Christian Center Boutique gets a makeover | ParkRecord.com

Christian Center Boutique gets a makeover

Matt Monson, who teaches visual merchandising at Salt Lake Community College, helped lead a student project to update the Christian Center's boutique.
Photo by Debbie LaBelle

After the Christian Center of Park City received a makeover last year, it seemed only fitting that its boutique would get a new look as well.

The Christian Center Boutique, which sells gently used clothes and accessories to help fund the center’s programs, was recently renovated. Students from Salt Lake Community College’s fashion program reorganized the interior and designed a new layout for the store, located in the Christian Center’s headquarters at 1283 Deer Valley Drive..

Debbie LaBelle, marketing and event coordinator for the Christian Center, said the changes make it easier for customers to move around the store and find items. She hopes the updated space will encourage people to purchase more clothing and accessories so the center can grow its programs. The Christian Center is a nonprofit that provides services to low-income families in Summit and Wasatch counties.

The Christian Center underwent a remodel last year, which provided a larger space for the boutique, LaBelle said.

“With a new building, we wanted an enhanced experience for our community, and that would include this store,” LaBelle said. “If we are able to have an enhanced customer service and increase overall sales, we are able to support this community at a higher level.”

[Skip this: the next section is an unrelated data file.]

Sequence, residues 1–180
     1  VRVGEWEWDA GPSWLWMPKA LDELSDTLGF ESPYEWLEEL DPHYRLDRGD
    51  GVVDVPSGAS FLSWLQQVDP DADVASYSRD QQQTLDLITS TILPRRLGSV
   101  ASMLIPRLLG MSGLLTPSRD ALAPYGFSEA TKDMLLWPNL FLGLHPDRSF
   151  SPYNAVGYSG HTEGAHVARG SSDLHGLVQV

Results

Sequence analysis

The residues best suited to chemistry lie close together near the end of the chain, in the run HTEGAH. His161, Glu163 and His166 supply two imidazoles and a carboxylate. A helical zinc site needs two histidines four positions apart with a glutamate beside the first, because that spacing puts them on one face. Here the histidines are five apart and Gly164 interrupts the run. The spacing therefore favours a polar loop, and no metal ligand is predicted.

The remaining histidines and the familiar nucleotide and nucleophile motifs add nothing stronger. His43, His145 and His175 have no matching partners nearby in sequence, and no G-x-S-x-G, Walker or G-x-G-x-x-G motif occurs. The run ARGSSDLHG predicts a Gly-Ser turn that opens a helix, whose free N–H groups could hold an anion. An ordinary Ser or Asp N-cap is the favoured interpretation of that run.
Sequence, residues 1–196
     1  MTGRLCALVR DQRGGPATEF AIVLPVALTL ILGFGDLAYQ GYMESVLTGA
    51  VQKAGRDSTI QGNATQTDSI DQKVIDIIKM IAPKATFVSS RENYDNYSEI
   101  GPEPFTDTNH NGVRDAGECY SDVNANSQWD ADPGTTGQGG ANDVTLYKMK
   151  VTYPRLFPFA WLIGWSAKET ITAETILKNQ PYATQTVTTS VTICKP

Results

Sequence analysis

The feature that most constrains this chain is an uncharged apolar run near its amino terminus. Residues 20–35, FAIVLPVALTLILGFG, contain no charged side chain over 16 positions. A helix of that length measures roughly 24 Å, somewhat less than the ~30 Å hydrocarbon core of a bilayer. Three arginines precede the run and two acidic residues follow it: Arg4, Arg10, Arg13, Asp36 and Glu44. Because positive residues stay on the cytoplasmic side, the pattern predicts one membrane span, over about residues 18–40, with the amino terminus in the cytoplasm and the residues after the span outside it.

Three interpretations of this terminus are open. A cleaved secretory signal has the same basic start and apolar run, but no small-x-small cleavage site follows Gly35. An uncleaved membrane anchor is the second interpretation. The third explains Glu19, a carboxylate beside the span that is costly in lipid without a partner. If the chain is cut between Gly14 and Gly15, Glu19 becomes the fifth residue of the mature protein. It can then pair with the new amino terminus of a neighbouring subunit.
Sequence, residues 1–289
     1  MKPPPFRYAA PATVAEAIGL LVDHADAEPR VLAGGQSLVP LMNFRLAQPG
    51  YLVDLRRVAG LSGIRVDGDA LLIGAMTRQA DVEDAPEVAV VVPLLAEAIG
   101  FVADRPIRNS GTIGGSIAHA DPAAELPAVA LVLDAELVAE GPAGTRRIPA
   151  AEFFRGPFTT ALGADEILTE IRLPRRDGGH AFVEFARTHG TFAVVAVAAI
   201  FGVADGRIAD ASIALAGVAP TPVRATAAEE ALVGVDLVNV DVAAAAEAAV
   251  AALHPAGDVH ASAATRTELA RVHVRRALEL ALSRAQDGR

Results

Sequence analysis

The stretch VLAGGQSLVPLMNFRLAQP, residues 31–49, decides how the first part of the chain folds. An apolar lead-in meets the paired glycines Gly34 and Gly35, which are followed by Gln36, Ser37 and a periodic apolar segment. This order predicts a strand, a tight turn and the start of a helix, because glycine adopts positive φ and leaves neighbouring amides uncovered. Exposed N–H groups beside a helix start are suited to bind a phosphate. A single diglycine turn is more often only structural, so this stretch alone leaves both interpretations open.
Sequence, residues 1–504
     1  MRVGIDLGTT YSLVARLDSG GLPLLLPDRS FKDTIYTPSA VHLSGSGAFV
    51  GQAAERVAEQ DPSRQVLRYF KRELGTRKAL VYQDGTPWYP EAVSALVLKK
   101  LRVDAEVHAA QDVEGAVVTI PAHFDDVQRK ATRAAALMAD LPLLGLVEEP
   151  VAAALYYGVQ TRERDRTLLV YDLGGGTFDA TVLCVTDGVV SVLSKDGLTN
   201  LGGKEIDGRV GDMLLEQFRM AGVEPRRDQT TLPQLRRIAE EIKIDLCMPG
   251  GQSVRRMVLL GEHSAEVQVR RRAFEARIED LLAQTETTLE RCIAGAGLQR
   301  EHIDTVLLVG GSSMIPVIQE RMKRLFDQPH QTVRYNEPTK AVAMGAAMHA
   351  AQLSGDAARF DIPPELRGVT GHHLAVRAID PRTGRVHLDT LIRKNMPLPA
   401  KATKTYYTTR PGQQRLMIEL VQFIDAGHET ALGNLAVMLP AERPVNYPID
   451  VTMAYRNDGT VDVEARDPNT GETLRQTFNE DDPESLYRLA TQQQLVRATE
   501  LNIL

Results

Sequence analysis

The Christian Center connected with the community college because of Vanessa Di Palma, who owns a fashion consulting firm in Park City called Farasha. The Christian Center originally reached out to Di Palma in the winter to ask her to renovate the space, said Dell Ledbetter, director of programs for the center.

“We wanted some outside eyes that knew fashion and fashion design,” Ledbetter said.

Di Palma, who frequently works as a consultant for the college’s fashion program, suggested the nonprofit work with students. She said the project would provide a hands-on experience for the college students.

About 10 students in a visual merchandising class took on the project, and Ledbetter said they did a good job realizing their goal of making it easier for customers to move around the store. Di Palma served as a consultant on the project. The updated boutique opened at the end of April.

Ledbetter said one of the biggest differences is that the store is more open now. The students cleared items from the entrance and designated a clear walkway through the store to provide more space for customers. They also organized home décor, jewelry and shoes into distinct areas rather than having items mixed throughout the store.

“It’s definitely easier to find things and easier to navigate the store,” LaBelle said. “It feels good in here.”


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